Dara Horn is a writer, professor, and scholar, often known for her essays on Judaism and Jewish-themed topics. But she came to the realization that she was always asked to write about dead Jews, never living ones. And this became the topic for her latest book: the world has a fascination with dead Jews, but rarely affords the same respect to living Jews. How many Holocaust novels are out there, often with a happy ending, often with a Gentile rescuer as the main character? How often do you think those happy endings happened in real life? How much do you know about the trauma suffered by survivors, the anger, the refusal of governments to help those who had lost everything, the many survivors who were murdered after leaving the camps? How many Jewish heritage sites exist around the world with no mention as to why there are no Jews living at those sites anymore? Why is The Merchant of Venice still one of Shakespeare’s most-performed plays, despite its blatant antiseminism (and what do you think that says to the Jews in your life)?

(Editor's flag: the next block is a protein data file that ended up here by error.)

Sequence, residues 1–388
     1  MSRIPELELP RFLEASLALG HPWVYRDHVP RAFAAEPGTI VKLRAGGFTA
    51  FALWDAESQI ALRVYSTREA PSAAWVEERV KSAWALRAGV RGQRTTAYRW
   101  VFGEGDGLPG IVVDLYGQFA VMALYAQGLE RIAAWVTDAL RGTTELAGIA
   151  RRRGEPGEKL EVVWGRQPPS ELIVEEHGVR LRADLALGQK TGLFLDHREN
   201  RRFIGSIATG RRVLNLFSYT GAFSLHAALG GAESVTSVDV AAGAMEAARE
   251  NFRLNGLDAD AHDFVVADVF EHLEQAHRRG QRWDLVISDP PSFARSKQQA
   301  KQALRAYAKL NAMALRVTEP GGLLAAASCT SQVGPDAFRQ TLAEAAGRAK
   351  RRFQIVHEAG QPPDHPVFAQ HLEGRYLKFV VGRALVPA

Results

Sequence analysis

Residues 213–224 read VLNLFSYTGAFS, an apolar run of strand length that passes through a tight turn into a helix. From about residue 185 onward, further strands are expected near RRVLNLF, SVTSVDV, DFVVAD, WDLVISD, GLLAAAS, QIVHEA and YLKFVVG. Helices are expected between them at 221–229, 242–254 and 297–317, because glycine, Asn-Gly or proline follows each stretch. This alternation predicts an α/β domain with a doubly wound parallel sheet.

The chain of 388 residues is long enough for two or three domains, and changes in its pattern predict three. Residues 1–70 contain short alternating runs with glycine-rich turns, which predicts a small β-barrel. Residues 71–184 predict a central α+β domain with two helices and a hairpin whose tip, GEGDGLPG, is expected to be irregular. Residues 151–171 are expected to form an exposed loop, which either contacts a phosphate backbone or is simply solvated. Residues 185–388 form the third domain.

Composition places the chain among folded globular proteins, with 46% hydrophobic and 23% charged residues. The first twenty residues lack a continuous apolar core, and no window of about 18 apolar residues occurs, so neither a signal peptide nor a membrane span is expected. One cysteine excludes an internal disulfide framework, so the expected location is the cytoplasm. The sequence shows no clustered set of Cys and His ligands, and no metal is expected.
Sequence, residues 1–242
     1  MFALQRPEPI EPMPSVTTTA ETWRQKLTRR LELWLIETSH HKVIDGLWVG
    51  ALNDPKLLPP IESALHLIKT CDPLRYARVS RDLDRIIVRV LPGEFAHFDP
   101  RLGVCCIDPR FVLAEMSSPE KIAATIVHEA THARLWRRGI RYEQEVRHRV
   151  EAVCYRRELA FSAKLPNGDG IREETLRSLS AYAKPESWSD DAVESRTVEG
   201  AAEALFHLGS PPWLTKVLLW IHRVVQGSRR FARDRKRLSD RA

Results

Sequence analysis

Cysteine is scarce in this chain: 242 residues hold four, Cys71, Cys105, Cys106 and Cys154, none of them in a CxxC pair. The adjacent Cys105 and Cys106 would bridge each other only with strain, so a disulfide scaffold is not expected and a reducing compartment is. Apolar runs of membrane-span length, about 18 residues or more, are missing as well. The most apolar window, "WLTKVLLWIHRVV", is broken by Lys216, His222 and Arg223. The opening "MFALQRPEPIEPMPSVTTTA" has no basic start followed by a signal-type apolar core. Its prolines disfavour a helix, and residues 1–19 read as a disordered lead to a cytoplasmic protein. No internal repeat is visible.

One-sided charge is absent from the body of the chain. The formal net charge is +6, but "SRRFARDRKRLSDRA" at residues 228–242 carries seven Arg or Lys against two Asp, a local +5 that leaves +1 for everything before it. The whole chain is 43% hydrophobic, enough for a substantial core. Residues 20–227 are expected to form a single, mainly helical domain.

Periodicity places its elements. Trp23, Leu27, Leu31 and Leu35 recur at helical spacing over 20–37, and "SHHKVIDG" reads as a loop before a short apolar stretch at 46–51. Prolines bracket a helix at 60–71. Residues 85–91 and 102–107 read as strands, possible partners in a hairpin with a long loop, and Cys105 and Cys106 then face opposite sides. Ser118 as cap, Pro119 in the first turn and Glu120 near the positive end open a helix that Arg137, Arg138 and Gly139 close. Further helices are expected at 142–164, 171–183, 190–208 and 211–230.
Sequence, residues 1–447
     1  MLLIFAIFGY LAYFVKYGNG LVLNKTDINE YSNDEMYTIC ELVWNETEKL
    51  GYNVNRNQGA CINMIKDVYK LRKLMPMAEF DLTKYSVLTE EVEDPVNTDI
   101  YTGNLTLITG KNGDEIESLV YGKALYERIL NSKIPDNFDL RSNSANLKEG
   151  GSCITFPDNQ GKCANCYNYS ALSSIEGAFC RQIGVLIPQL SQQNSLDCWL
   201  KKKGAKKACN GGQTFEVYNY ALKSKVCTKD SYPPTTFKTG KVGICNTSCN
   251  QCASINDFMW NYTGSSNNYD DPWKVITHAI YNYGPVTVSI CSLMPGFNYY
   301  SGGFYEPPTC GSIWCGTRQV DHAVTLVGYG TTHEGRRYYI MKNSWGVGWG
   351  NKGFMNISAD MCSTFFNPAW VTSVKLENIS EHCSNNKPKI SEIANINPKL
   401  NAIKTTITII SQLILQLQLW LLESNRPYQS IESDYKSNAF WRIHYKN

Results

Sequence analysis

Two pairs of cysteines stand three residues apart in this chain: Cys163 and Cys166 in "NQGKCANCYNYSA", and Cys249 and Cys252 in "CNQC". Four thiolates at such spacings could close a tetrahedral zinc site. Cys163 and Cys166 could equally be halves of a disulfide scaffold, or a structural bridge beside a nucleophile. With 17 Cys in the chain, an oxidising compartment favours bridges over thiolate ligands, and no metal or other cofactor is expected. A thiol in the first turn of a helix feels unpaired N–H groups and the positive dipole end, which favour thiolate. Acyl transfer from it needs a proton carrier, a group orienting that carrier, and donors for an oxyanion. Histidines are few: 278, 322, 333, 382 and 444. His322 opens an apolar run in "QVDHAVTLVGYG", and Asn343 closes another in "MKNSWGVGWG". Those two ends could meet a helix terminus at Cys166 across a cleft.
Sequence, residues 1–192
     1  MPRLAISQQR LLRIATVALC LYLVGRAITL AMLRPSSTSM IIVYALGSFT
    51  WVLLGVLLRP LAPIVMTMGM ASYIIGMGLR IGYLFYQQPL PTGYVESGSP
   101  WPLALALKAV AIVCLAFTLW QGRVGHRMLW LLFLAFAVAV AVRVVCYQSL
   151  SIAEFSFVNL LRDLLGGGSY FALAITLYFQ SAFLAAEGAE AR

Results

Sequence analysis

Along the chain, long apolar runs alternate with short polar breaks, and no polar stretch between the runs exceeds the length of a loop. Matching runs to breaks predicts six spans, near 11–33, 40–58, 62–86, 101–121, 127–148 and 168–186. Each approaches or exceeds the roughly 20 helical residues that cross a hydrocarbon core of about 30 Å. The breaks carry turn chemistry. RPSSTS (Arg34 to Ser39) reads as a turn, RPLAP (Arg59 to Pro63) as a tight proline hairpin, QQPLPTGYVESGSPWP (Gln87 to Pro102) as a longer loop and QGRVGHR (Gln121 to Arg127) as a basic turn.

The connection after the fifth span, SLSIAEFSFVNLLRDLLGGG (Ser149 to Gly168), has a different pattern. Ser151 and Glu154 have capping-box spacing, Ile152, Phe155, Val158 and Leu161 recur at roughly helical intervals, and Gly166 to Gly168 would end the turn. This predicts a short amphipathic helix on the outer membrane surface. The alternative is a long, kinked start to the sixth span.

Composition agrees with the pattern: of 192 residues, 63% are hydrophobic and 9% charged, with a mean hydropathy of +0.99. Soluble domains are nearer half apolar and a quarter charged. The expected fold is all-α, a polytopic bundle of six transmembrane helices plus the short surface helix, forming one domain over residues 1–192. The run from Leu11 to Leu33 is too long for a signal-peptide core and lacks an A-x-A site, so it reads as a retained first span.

Our country’s education does a lot of things right, but it fails to instruct our students on so much of world history, and even when it does, it misses the mark in a big, big way. (Props to my daughter’s class, which is currently looking at various cultures around the world, and including a glimpse into both the history and the religions of those areas.) So many students are only exposed to the existence of Jews when they’re mass-murdered (as often happened throughout history, and continues to happen today), and they learn only what Hitler thought and taught about them- not what Jews actually are, what Jews actually do, what Jews have contributed to the many, many societies that have been home throughout the centuries. And that leads to people only appreciating and sometimes fetishizing dead Jews, and not appreciating live ones.